And when you think about it, a real relationship—one that isn’t imaginary or with a fictional character—is essentially all about finding out things about a person that we like and might connect with. We form parasocial relationships with living people or fictional characters when we develop an attachment or an emotional bond that gives us pleasure, even though these connections are actually one-sided.
Imaginary Relationships Can Actually Be Beneficial, According to Research
As cringe-worthy as they might sound on paper, parasocial relationships are actually not that unhealthy. There’s nothing inherently wrong with feeling attached to a person who may never know you exist. In fact, it’s only human nature to find something relatable about people, whether they exist only on the pages of a book, behind a screen, or in real life.
Parasocial relationships can give us a lot of positive emotions, from pleasure to inspiration. Perhaps we connected with Hermione Granger as a child because we were also the nerdy outcast in class. Maybe that motivated others to work harder in school because even though Hermione was a little annoying at times, her brilliance and passion literally helped save the wizarding world in the Harry Potter universe. I can now admit to personally having a parasocial relationship with Alex Russo from Disney Channel’s Wizards of Waverly Place because she was spunky, a bit rebellious, and street-smart. I thought I had these traits as a teenager too, which made me really want to become Alex’s friend.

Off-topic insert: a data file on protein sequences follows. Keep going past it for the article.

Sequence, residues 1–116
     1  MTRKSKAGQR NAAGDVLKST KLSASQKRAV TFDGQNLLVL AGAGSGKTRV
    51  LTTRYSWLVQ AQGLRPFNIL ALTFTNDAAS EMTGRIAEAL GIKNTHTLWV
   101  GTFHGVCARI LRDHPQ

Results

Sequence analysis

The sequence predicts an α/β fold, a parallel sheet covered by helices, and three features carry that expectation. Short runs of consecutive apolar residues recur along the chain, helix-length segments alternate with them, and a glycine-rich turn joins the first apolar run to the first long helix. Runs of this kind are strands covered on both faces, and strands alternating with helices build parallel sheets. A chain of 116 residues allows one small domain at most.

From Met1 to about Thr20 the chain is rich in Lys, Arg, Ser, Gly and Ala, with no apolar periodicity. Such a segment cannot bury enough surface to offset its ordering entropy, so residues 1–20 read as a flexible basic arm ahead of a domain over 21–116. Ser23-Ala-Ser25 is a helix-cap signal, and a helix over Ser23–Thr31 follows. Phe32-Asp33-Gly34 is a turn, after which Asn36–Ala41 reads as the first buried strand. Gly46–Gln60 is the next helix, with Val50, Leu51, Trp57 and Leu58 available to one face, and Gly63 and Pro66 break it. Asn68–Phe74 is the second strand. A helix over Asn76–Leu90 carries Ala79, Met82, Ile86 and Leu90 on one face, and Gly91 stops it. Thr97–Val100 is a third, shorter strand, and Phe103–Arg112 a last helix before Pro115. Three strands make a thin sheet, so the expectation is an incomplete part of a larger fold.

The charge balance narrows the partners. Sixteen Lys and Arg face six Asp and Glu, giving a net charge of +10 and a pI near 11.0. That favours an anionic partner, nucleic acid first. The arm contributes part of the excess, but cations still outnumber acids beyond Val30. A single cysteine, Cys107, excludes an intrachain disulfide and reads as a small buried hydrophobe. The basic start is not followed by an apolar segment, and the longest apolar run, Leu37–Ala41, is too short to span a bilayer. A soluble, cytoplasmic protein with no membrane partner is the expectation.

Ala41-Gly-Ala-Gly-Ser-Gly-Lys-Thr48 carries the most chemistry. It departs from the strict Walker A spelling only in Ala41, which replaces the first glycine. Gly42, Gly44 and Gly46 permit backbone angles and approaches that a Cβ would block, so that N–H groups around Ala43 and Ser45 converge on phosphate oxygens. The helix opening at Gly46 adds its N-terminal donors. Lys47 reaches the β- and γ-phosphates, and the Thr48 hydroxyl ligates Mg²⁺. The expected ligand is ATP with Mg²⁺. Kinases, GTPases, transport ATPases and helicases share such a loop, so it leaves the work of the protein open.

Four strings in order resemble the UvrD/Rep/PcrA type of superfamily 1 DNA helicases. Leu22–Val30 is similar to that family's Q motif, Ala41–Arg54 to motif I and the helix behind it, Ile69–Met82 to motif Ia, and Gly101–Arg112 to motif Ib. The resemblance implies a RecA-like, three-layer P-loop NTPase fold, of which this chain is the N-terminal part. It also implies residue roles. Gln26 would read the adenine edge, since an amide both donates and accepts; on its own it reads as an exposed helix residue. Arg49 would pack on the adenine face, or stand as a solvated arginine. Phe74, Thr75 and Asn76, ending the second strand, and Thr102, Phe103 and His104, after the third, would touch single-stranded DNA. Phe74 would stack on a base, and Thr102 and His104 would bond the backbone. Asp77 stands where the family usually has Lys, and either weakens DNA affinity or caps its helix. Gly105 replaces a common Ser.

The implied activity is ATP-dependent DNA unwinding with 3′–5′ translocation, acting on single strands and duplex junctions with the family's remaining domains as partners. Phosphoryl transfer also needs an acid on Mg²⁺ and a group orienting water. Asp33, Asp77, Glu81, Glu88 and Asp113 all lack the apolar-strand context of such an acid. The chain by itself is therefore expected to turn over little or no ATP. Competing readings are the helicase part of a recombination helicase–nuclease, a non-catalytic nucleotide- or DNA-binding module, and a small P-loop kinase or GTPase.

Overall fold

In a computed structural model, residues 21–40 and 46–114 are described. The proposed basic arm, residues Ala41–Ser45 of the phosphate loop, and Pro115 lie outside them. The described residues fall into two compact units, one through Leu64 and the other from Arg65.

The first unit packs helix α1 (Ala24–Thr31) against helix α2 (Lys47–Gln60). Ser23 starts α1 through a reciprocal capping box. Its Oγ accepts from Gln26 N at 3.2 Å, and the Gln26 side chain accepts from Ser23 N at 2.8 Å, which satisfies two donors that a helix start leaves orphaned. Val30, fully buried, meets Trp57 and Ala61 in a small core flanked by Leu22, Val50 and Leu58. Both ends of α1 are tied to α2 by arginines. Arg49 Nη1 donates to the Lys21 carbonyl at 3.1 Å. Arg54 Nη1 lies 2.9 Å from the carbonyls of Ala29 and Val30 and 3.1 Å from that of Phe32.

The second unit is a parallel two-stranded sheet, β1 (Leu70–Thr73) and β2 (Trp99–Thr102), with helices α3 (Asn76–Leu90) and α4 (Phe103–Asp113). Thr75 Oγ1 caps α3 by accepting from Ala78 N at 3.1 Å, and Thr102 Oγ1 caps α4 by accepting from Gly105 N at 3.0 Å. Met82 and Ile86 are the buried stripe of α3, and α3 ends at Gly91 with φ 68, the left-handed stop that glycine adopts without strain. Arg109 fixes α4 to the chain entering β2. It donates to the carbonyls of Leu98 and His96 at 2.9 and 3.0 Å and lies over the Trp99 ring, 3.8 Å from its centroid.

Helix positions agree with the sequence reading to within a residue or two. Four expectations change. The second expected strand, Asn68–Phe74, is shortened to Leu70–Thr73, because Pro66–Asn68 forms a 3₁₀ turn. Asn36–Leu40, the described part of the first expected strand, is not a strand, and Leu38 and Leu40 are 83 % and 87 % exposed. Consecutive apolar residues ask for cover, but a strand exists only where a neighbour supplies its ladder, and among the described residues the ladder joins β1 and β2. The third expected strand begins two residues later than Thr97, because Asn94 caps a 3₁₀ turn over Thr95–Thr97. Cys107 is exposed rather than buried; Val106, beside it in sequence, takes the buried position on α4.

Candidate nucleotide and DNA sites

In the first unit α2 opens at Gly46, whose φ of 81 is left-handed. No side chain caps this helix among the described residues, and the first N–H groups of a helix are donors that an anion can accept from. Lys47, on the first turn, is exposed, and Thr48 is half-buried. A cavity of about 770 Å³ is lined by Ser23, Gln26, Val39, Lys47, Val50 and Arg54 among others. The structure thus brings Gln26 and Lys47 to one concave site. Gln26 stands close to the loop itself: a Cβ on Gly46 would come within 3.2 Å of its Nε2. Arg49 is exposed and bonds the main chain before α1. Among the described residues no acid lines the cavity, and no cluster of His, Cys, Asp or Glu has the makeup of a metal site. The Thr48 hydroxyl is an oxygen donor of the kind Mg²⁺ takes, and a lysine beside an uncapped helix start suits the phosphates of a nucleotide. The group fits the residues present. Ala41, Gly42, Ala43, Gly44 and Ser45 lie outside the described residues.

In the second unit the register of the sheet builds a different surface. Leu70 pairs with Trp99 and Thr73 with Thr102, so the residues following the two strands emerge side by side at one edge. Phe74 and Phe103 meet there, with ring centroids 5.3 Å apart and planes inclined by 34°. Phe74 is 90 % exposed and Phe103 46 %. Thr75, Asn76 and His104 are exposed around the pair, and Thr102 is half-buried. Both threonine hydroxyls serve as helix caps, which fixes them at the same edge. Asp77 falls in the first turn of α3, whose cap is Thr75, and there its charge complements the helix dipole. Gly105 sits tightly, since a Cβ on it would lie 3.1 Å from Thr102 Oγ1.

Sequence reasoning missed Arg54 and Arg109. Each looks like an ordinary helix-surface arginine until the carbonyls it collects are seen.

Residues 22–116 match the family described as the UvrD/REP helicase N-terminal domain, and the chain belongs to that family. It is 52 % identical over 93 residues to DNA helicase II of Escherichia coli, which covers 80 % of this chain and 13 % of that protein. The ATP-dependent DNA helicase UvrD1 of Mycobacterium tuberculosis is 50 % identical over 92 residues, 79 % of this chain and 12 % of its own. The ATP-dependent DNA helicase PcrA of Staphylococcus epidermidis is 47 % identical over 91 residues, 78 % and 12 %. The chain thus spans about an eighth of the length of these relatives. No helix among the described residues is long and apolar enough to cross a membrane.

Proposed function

There are many real public personalities who are influencing their audience in a good way. For instance, the Korean singing group BTS has a very organized fanbase called ARMY. To outsiders, they might seem like Kpop-crazed fans with intense parasocial relationships with the group, but the fanbase is actually very involved in charity works and activism. A lot of this behavior is inspired by the philanthropic work of BTS itself, as the group has famously used their influence for good. From partnering with organizations like UNICEF to end violence against children to donating to the Black Lives Matter movement, BTS encourages their army of fans, many of whom feel personally attached to them, to do good.
Interestingly, having parasocial relationships with the same person or group can be beneficial, too. ARMY, Potterheads, Little Monsters—whatever the fandom’s name is, members are united by their shared attachment to a particular piece of media or media personality. Fandoms can get toxic but for the most part, psychologists say that they’re actually good for our overall well-being, especially for younger individuals.
“Belonging to a fandom group helps adolescents connect to their like-minded youths on social media throughout the year, as well as at concert events. Feeling like you are part of a group can help one define his/her identity and give a sense of purpose to what might be an otherwise routine lifestyle,” explains psychology professor Dr. Laurel Steinberg.
When Parasocial Relationships Go Too Far